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common name: taciturn wood cricket
scientific name: Gryllus ovisopis T. Walker (Insecta: Orthoptera: Gryllidae)

Introduction - Distribution - Identification - Life Cycle - Habitat - Song - Selected References

Introduction (Back to Top)

The taciturn wood cricket, Gryllus ovisopis T. Walker, is noteworthy in that it has no calling song. Males and females find one another for mating without long-range acoustic signals—as in most other insects.

Other Florida field and house crickets

Distribution (Back to Top)

The taciturn wood cricket occurs throughout the southeastern coastal plain and as far south as Highlands County in the Florida peninsula.

U.S. Distribution of the taciturn wood cricket, Gryllus ovisopis.

Figure 1. U.S. Distribution of the taciturn wood cricket, Gryllus ovisopis.

Identification (Back to Top)

The taciturn wood cricket is blacker than other species and has shorter, generally darker forewings. The length of the forewings is less than twice the median length of the pronotum. In this species the hindwings are never developed for flight. The stridulatory file of the male is shorter than that of the sand field cricket, and has the file teeth closer together than in the southern wood cricket. The ovipositor is more than 1.3 times the length of the hind femur.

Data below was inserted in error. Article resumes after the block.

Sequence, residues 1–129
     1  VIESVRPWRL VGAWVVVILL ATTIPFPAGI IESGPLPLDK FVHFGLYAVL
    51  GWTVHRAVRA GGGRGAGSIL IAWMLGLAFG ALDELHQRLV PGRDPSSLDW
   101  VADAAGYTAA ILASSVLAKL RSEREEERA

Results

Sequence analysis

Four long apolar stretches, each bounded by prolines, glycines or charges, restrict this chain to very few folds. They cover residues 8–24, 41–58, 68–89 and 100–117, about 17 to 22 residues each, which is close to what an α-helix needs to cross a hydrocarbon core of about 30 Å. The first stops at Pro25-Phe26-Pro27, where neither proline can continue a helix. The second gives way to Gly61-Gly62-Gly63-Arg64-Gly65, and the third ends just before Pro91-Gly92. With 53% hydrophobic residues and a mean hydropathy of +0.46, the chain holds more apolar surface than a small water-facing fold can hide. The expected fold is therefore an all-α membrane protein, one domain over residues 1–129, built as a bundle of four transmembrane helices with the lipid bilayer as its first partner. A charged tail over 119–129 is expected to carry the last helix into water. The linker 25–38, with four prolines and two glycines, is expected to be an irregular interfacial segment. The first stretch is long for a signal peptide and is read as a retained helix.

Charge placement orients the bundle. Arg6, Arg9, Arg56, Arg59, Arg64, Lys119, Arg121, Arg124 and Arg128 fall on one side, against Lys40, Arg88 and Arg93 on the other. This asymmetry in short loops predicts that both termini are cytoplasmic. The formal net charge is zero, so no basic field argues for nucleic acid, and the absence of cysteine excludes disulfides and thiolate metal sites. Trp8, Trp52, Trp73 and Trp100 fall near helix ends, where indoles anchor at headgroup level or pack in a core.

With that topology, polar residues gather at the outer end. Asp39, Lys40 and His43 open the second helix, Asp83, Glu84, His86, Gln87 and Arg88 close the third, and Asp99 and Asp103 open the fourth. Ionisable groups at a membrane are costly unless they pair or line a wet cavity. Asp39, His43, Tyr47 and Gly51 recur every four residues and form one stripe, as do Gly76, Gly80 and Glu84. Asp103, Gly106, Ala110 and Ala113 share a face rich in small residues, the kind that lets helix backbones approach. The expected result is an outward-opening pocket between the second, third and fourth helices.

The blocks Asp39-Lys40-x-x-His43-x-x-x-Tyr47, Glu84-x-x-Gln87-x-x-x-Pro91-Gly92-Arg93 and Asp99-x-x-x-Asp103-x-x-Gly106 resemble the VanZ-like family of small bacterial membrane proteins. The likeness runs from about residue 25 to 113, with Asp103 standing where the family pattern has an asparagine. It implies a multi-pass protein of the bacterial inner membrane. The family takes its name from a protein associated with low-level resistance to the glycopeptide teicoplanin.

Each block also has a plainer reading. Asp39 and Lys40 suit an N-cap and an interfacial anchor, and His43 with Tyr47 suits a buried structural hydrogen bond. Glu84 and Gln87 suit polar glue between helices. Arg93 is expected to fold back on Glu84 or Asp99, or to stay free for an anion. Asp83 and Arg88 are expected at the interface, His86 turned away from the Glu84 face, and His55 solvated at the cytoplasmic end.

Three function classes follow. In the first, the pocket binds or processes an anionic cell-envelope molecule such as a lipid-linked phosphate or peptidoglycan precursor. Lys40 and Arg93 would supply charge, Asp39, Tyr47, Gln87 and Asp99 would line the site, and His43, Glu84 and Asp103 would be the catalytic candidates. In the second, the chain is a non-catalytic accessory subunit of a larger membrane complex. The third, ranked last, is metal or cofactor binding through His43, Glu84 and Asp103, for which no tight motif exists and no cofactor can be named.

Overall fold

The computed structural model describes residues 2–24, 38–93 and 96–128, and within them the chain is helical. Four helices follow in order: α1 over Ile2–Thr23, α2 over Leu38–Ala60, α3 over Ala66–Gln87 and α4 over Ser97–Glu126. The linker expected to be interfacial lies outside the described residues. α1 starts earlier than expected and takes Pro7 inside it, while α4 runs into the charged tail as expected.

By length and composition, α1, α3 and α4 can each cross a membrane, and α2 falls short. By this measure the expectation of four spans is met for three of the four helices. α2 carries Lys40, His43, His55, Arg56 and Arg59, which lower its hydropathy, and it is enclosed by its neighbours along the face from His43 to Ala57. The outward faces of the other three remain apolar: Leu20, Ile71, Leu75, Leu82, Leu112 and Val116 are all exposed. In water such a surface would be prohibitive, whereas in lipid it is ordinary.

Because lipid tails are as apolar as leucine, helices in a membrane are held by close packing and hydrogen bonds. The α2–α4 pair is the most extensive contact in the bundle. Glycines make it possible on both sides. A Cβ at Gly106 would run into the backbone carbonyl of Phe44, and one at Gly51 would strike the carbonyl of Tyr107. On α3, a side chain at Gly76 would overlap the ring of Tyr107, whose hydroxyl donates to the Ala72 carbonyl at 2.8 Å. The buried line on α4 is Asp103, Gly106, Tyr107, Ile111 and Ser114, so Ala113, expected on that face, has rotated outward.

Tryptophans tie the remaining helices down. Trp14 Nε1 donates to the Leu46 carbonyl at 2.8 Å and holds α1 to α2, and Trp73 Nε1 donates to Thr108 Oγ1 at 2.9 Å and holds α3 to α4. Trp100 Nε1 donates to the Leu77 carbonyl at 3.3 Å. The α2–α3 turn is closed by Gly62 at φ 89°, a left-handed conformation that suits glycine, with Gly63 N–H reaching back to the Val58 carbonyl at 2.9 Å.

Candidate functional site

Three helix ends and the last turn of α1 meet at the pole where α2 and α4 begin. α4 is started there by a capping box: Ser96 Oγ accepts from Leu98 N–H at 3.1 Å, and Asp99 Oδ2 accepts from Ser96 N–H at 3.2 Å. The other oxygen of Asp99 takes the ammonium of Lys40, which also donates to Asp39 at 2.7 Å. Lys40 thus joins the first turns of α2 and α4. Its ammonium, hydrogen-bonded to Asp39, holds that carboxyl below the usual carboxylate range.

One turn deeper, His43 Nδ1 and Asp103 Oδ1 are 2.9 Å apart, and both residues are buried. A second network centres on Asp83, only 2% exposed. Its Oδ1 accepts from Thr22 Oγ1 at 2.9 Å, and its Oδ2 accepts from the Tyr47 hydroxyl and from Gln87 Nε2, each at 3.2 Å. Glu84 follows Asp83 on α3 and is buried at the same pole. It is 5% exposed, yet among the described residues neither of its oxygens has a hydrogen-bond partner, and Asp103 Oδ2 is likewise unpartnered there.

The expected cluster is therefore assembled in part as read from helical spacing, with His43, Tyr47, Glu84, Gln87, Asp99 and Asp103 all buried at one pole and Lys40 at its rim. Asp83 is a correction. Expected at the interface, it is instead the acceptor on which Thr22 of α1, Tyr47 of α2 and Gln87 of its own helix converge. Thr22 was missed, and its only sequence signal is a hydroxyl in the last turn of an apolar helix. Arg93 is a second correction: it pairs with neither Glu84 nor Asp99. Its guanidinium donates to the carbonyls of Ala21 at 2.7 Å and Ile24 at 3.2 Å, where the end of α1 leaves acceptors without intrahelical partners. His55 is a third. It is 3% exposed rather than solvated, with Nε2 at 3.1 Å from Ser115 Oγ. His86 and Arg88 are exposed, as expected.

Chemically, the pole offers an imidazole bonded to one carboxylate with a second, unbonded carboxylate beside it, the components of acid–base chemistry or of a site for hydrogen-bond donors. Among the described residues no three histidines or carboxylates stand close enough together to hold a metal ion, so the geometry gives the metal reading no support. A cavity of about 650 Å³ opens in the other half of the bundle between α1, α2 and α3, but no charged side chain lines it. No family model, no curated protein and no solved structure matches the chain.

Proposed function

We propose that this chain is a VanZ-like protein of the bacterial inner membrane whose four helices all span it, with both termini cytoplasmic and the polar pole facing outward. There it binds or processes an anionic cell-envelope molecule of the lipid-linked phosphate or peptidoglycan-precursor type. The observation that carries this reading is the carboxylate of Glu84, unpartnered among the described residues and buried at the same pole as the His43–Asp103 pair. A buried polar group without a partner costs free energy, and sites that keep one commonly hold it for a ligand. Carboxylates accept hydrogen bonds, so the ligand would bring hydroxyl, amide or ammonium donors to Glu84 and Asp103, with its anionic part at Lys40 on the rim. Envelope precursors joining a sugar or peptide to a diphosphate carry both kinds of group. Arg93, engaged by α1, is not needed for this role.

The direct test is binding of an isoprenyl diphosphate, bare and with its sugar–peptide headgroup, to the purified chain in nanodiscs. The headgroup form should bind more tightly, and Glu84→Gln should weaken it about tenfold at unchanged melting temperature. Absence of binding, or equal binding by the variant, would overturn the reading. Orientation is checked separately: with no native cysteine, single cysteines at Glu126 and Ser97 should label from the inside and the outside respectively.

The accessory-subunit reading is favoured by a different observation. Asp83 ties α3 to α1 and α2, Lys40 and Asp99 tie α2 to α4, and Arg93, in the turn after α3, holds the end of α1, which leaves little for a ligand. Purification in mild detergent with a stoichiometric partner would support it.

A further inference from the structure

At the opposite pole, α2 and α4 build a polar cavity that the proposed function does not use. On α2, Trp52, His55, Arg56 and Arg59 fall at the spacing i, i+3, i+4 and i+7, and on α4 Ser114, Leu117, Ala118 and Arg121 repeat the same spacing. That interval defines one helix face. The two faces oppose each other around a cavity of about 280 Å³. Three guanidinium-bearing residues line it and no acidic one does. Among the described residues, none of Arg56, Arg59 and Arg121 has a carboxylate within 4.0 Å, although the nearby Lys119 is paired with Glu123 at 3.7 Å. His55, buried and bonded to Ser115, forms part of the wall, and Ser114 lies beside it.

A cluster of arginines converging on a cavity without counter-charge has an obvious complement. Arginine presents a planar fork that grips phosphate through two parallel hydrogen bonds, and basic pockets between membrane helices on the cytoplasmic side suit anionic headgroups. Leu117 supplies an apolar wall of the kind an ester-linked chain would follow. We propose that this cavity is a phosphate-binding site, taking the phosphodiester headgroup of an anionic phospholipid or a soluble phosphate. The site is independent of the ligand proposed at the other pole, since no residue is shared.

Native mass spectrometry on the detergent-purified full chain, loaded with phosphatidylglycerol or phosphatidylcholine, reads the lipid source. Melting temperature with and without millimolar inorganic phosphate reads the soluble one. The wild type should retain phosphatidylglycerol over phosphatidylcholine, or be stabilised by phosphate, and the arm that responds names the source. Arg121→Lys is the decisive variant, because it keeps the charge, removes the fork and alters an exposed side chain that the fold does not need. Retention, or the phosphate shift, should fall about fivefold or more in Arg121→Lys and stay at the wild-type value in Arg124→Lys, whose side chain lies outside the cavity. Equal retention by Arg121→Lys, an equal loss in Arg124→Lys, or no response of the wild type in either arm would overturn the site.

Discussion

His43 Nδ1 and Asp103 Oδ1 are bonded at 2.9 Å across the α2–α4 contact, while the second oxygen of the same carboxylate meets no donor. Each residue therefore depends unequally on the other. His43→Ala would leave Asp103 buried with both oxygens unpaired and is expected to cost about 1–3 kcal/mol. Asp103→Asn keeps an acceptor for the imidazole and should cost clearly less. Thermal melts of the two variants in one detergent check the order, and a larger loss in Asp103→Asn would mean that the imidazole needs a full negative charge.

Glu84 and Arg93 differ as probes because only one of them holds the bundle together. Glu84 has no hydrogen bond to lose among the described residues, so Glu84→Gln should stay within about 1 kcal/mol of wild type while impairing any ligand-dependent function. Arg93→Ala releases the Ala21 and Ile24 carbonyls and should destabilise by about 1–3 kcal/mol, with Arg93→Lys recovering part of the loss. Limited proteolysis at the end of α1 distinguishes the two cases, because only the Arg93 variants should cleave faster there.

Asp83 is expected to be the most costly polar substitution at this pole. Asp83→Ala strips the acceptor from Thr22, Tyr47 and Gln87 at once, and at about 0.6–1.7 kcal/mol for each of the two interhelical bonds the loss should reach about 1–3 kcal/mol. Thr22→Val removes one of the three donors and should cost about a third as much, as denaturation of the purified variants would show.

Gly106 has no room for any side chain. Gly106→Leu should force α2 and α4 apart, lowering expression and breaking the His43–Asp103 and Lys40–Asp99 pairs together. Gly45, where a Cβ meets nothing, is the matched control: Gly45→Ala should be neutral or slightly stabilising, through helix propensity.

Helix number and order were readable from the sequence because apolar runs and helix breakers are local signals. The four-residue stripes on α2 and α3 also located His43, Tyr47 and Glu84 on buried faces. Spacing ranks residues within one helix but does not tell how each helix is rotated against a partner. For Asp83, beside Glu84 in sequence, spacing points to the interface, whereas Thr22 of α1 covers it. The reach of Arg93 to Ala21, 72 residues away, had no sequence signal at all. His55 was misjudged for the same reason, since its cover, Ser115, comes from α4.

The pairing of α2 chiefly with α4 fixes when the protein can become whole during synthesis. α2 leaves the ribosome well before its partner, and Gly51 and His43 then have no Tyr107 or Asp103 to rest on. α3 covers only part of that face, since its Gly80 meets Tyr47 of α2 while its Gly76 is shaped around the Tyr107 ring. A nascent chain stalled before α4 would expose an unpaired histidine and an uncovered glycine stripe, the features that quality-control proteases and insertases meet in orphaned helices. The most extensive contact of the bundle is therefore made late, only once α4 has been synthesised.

Adult male taciturn wood cricket, Gryllus ovisopis T. Walker.

Figure 2. Adult male taciturn wood cricket, Gryllus ovisopis T. Walker. Photograph by Paul M. Choate, University of Florida.

Adult female taciturn wood cricket, Gryllus ovisopis T. Walker.

Figure 3. Adult female taciturn wood cricket, Gryllus ovisopis T. Walker. Photograph by Paul M. Choate, University of Florida.

Life Cycle (Back to Top)

This species overwinters as eggs in the soil. Eggs hatch in April, and development to the adult takes about six months, with nearly synchronous maturation in mid September. This concentration of adults must help sexual pairs to form without the aid of calling songs. There is one generation per year.

Habitat (Back to Top)

Woods, though adults may wander into adjacent open areas. Most often in moist broadleaf woodland and in loblolly pine woodlands (a late stage in old-field succession of sites that were once broadleaf woodland).

Song (Back to Top)

This is the only field cricket that has no calling song. Males have the forewing specializations for sound making and use them to produce both fight and courtship songs.

Selected References (Back to Top)